On Aug. 29, the University of Maryland, Baltimore’s (UMB) CURE Scholars Program hosted its annual and highly anticipated STEM Expo. The event brings together middle school and high school scholars so they can present their individual STEM (science, technology, engineering, and math) research posters to their peers, medical professionals, and UMB leadership.
Like much of the programming and events this year, the STEM Expo was held virtually due to the restrictions and safety procedures put in place by the COVID-19 pandemic. The expo, which is normally held in April on UMB’s campus, was instead pre-recorded and streamed on the UMB CURE Scholars Program website so the scholars and their families could watch the research presentations together. The dozens of research posters covered a number of topics ranging from How Robotics Can Help Brain Cancer to Food Insecurity in Baltimore.
“This year’s expo is the culmination of a summer of hard work and perseverance for our scholars,” Gia Grier McGinnis, DrPH, MS, executive director of the CURE Scholars Program, said during her opening remarks. “We had a great virtual summer program, with over 60 scholars online in the months of July and August. I want to congratulate the scholars and their families for their dedication to learning despite this difficult time. Many of our scholars faced hardship and personal losses this summer but continued to come online with us week after week.”
During the STEM Expo, each scholar had the opportunity to present their research posters, which were reviewed by a panel of volunteer judges. The judging was done in a feedback-only format with no numerical scoring, and the comments to scholars were sent privately.
The scholars learned how to develop a research question and find credible sources so they could put together a poster and presentation. Jaliyah Smith, a Cohort 5 scholar who delivered one of the expo’s keynote speeches, did her research poster on breast cancer in African-American women. She explained that she was enlightened and inspired by the research she conducted.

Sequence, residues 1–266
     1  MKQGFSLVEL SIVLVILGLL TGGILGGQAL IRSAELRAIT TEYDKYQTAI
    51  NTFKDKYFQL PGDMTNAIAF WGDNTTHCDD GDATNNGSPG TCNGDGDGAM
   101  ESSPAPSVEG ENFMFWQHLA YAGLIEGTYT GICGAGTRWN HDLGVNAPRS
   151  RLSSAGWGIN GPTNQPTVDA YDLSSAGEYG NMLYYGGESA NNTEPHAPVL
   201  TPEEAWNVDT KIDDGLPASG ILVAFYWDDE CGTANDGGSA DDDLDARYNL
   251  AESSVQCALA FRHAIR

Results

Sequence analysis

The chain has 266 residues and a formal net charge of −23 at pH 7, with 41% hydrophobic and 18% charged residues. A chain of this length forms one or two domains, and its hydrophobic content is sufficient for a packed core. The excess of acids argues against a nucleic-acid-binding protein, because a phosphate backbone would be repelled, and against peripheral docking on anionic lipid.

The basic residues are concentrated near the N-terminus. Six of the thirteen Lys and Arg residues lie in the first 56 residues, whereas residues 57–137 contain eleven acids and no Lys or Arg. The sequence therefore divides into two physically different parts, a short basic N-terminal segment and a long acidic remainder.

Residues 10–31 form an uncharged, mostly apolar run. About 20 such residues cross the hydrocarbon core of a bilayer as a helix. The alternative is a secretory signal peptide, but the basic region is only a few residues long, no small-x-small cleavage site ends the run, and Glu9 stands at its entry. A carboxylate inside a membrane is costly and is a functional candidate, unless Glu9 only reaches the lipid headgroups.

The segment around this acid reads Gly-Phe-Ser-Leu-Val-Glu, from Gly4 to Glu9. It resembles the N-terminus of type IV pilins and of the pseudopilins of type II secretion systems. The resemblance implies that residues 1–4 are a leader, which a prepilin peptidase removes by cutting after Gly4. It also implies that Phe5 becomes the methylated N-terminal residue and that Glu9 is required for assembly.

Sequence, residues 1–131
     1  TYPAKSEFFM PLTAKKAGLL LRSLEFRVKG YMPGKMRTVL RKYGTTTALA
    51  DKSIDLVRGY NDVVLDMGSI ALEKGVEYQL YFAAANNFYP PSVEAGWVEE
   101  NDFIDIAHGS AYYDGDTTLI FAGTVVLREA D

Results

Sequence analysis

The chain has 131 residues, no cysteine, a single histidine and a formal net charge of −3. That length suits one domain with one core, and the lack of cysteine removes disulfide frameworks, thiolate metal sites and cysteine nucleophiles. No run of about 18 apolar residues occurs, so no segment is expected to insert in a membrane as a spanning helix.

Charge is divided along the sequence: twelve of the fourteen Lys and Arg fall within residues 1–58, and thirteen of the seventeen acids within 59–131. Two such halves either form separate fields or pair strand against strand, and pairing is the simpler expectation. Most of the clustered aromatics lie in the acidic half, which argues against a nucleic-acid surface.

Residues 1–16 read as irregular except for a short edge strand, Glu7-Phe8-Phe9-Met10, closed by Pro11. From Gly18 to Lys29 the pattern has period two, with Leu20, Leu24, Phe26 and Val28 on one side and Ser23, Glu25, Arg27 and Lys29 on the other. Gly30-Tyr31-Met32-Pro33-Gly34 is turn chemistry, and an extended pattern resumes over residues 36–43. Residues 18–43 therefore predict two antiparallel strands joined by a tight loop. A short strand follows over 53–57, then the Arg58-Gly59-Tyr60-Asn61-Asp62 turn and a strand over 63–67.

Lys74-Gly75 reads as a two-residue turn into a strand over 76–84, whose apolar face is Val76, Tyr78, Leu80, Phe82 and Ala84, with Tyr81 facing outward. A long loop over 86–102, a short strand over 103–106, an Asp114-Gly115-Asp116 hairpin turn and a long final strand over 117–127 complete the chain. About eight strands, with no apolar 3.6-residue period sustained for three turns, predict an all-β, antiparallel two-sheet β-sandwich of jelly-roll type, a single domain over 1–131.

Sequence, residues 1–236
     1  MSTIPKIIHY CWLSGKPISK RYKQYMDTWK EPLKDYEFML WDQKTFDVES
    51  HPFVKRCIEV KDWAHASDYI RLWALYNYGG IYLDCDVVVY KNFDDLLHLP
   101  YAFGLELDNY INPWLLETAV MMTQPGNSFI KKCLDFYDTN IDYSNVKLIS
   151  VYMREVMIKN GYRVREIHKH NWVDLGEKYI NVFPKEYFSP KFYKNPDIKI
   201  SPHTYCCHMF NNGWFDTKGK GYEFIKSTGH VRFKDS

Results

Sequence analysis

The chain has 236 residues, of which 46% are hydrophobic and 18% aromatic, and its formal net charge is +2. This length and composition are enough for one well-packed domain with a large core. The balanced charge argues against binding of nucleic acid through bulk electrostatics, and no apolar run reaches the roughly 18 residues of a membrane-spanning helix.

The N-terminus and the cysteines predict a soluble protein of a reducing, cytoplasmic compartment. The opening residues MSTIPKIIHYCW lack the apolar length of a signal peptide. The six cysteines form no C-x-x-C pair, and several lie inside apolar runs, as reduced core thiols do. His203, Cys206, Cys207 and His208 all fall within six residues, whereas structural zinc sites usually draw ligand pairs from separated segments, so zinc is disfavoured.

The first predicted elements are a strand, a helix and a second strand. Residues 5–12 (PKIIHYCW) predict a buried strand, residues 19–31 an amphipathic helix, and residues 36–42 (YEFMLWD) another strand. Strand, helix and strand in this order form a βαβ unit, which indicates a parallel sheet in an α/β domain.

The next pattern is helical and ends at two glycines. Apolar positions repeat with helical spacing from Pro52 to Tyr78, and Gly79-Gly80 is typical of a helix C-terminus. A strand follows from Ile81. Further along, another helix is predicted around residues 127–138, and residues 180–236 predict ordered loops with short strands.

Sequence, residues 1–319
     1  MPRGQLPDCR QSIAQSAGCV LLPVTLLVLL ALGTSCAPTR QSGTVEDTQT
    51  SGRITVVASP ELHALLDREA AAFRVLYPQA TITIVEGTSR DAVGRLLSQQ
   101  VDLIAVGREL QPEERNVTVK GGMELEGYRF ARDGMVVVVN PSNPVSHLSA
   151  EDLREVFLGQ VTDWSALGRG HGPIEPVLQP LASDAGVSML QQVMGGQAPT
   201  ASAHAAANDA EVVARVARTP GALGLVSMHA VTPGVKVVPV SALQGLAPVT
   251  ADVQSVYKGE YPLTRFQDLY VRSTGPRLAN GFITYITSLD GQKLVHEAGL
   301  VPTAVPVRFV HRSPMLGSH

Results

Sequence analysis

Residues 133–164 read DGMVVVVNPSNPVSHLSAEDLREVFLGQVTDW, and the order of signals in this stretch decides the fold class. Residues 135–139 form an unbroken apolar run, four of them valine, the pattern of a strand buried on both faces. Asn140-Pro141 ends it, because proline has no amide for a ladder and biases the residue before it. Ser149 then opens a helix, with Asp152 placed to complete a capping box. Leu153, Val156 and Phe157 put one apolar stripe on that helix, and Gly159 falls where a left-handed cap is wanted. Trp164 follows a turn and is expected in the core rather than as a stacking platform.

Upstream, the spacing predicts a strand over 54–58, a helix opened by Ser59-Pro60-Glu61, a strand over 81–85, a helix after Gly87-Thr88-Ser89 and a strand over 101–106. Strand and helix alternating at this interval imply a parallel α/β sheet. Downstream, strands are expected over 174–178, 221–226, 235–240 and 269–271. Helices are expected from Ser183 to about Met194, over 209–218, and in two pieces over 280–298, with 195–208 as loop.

“At first, I was shocked by the number of people who die from breast cancer,” Jaliyah said. “Now that I have done the research, I think that it is important for me to share this information with as many people as possible. I want to spread awareness of breast cancer so that people seek more preventative care and screenings. Hopefully, one day, we find a cure.”
The second keynote speaker was Hali Smith, a rising 10th-grade student at Green Street Academy who gave words of advice and encouragement to the rising ninth-grade scholars.
“CURE is always there for you when you need them,” said Hali, a Cohort 2 scholar. “I’ve been in CURE for four years, and I can tell you that it doesn’t matter which mentor you’re assigned to, because the whole CURE team will always be there for you. They are the helping hand you need to be successful in your school, career, and life.”
UMB Interim President Bruce E. Jarrell, MD, FACS, who also gave remarks during the expo, commended the scholars for the hard work they had put into their posters as well as their summer curriculum.
“Scholars, I’m proud of your resilience, especially this year, and am in awe of your dedication to this program,” he said. “You inspire all of us.”
(Watch the full CURE STEM Expo below.)